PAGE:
"Safe mode is a troubleshooting option for Windows that starts your computer in a limited state. Only the basic files and drivers
necessary to run Windows are started.
If an existing problem doesn't reappear when you start in safe mode, you can eliminate the default settings and basic device drivers as possible causes."
If Safe mode works then you can first assume that some device (hardware) or device driver
(software) is faulting in Normal Mode. The first suspect of course would be the new video card. Safe mode runs with standard VGA video drivers and does not start the advanced features of the card.
When replacing a video card it is important to completely remove all of the old drivers and graphics programs that come with the drivers before installing the new card. Did you uninstall the drivers, PhysX, and 3D Vision for the 4850 cards?
Do you still have the 4850's? To test the new video card you could uninstall all the existing drivers from Safe Mode, shut down, then install one of the the 4850's again to see if the machine will boot with the old (known working) card.
Use these instructions to replace a video card. Some steps (like Driversweeper) will need to be skipped because you are in a no-boot situation. But if you do get into normal mode and want to install the new 6870 card then it would be a good idea to follow all the instructions.
***** To change a video card, particularly if you are changing brands, it is very important to follow proper procedure, as follows:
- Go to the ATI or nVidia website and download the most current known good driver and save it to an easy to find location.
- Now go into Windows Explorer and in the C: drive find the nVidia or Program Files > ATI folder (inside will be Drivers > your driver version) and delete it (the whole folder).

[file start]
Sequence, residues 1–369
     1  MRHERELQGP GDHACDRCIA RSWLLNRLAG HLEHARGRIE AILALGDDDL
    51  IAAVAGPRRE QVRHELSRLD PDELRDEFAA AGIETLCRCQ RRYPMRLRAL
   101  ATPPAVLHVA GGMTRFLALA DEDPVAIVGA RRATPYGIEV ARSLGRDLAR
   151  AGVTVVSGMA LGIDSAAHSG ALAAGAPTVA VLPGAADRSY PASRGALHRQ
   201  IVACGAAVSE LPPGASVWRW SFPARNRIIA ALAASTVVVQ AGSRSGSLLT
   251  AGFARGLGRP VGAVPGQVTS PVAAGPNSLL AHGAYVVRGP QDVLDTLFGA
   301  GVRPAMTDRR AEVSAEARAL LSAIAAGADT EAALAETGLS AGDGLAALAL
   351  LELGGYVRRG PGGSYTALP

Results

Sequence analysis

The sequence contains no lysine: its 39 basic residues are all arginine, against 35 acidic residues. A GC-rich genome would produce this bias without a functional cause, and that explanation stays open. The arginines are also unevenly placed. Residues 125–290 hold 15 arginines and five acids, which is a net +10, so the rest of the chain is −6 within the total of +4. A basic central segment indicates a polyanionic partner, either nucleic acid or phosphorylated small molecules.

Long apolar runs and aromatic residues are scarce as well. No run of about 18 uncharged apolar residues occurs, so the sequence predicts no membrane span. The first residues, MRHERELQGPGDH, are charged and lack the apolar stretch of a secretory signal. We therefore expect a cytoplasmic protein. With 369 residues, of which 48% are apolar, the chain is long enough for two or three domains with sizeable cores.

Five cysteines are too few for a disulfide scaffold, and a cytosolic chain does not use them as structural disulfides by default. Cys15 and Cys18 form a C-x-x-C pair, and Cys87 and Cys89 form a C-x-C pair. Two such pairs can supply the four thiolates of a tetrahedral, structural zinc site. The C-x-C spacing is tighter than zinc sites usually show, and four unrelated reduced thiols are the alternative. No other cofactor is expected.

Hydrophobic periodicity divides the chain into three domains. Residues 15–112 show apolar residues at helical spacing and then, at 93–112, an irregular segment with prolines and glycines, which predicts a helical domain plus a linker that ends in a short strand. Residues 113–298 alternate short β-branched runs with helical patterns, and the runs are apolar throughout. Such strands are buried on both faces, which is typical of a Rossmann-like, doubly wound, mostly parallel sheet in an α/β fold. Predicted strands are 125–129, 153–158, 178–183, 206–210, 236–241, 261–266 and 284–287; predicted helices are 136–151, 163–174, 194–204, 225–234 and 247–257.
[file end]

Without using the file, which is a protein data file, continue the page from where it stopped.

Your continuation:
- Go into Start > Control Panel > Remove a Program and uninstall all programs for the video card. For nVidia, do PhysX and Stereoscopic 3D first, then the driver. The control panel will uninstall with the driver. For ATI, select “ATI Catalyst Install Manager” and click on “Change”, then “Uninstall All Components”. Do not restart the computer at this time.
- Run DriverSweeper to uninstall all video remnants Guru3D - Driver Sweeper .
- Shut down computer and disconnect power.
- Remove the old nVidia/ATI card, install the new ATI/nVidia card. Make sure all auxiliary power connectors are plugged in. Some cards need 2. Read the manual.
- Reconnect the power and boot the computer.
- When it reaches the desktop Windows will find new hardware and will install it's own WDDM1.1 driver. Let it. You will be asked to restart. Do it.
- Once back on the desktop you can now install the nVidia/ATI driver package for your card.
Unfortunately, you could have some other damage to your system caused by the overheating issue. But let's start with the video cards, and hope that is all it is.
Let us know your results.